BACKGROUND AND OBJECTIVES: Understanding of parent anxiety and its effect on infant postoperative pain is limited. We sought to identify psychological factors associated with preoperative anxiety for parents of infants and toddlers undergoing elective surgery and to determine whether parent anxiety is associated with child postoperative pain.
METHODS: This was a prospective cohort study of consecutively eligible patients aged ≤18 months undergoing craniofacial surgery and their parents. Preoperative parent assessment included anxiety, coping, parent health locus of control, and self-efficacy. Postoperative inpatient child pain scores and medication use were collected. Analyses included hierarchical multivariable logistic and linear regression models.
RESULTS: Parents (n = 71, 90% female) of young children (mean age 6.6 months) undergoing cleft lip or palate (n = 59) or cranial vault repair (n = 13) were enrolled. Maladaptive coping (odds ratio 1.3; 95% confidence interval, 1.1–1.6), low parent self-efficacy (odds ratio 2.4; 95% confidence interval, 1.3–4.5), and external locus of control (odds ratio 1.74; 95% confidence interval, 1.1–2.9) were independently associated with high parental anxiety. The adjusted odds of moderate/severe parent anxiety was 3.6 (95% confidence interval, 1.5–9.1) higher with each SD increase in maladaptive coping. High parental anxiety was correlated with significantly higher hospital mean child pain scores (1.87 points on 0–10 scale; 95% confidence interval, 0.42–3.70; P = .045).
CONCLUSIONS: Coping and self-efficacy are modifiable factors that contribute to parent anxiety before and during hospitalization and may be targets for intervention. Infants and toddlers undergoing elective craniofacial surgery with highly anxious parents may be at greater risk for higher postoperative pain.
When children undergo surgery, many parents, perceiving a threat to their child, feel anxious.1 This anxiety, which may be present before, during, and after their child’s surgery, may focus on their child’s overall safety, side effects and risks of anesthesia, concerns about pain or comfort, and uncertainty about outcomes.2–4 A moderate level of such anxiety may increase vigilance and drive helpful behaviors. When parent anxiety is excessive, however, the anxiety may become a barrier to caring for one’s child and oneself, causing distress, child and family anxiety, delayed return to normal activity, and harm to the developing nervous system.5–10
The role of parents in this setting is critical, given the dependence of infants and toddlers on their parents to recognize and manage pain and to promote comfort.11 Unlike other pediatric settings, though, there is limited understanding of psychological parent factors that may contribute to parent preoperative anxiety.12,13 These characteristics include maladaptive coping,14,15 low pain management–related self-efficacy,16,17 and lack of internal (self) health care locus of control (HLOC).2,18,19 There also has been limited study of the relationship between parent anxiety and infant postoperative pain. Better understanding of the role of preexisting parent psychological factors, including anxiety, and their impact on postoperative pain in very young children has the potential to inform design of parent-focused interventions affecting some of the estimated 250 000 US infants annually who undergo electively timed surgery.20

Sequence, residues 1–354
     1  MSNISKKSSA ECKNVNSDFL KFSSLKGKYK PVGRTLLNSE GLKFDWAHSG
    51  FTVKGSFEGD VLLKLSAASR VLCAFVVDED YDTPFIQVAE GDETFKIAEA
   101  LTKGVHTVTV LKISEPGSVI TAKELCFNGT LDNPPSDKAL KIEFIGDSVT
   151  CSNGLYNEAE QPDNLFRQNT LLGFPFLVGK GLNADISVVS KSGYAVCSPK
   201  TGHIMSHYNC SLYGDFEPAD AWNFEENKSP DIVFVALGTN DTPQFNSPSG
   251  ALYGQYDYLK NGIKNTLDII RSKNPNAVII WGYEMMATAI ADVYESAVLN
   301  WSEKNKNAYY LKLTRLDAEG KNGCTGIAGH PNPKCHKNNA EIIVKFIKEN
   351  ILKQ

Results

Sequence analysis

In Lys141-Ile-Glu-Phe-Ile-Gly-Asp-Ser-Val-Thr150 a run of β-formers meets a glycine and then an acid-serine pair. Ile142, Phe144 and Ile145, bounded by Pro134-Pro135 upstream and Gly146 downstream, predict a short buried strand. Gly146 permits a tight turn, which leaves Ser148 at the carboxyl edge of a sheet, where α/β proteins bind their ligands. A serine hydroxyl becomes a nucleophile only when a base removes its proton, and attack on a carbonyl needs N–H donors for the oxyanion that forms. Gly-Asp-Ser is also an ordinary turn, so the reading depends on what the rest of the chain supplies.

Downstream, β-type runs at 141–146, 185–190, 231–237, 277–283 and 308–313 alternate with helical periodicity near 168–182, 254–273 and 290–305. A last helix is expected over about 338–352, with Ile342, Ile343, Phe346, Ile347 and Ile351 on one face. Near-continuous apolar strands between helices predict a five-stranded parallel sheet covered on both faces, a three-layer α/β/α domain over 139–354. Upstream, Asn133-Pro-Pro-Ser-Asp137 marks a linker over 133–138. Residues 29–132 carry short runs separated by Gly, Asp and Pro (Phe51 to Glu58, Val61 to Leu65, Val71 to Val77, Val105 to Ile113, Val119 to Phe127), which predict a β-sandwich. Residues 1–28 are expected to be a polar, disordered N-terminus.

We accordingly conducted a prospective cohort study of families with children <18 months old undergoing elective craniofacial surgery. Our primary hypothesis was that potentially modifiable parent factors, such as poor coping, low self-efficacy, and external parent HLOC, would be associated with high preoperative parent anxiety. Our secondary hypothesis was that children of parents with greater preoperative anxiety would have higher pain scores and increased opioid receipt during the early (<24 hours) inpatient postoperative period.
We performed a prospective cohort study of parents of young infants and children (<18 months old) undergoing elective surgery at single urban craniofacial center with a consistent presurgical orientation process. This study was approved by the New York University School of Medicine Institutional Review Board.
Consecutive parents of infants and toddlers <18 months of age undergoing cleft lip or palate (CLP) repair or cranial vault repair (CVR) from June 2013 until October 2015 were screened by the clinical team for eligibility in a single urban tertiary care center. Only parents who intended to stay at the child’s bedside overnight were offered enrollment because they would play key role in their child’s care and this was a study of parent–child interaction around pain and anxiety. Exclusion criteria included lack of a preoperative visit with the craniofacial pediatric nurse practitioner to reduce preparation variability, enrollment within 5 days of the procedure (because the focus of this study was to understand baseline anxiety), lack of English or Spanish proficiency, and presence of parent intellectual disability (which would have led to challenges in assessment of psychological characteristics).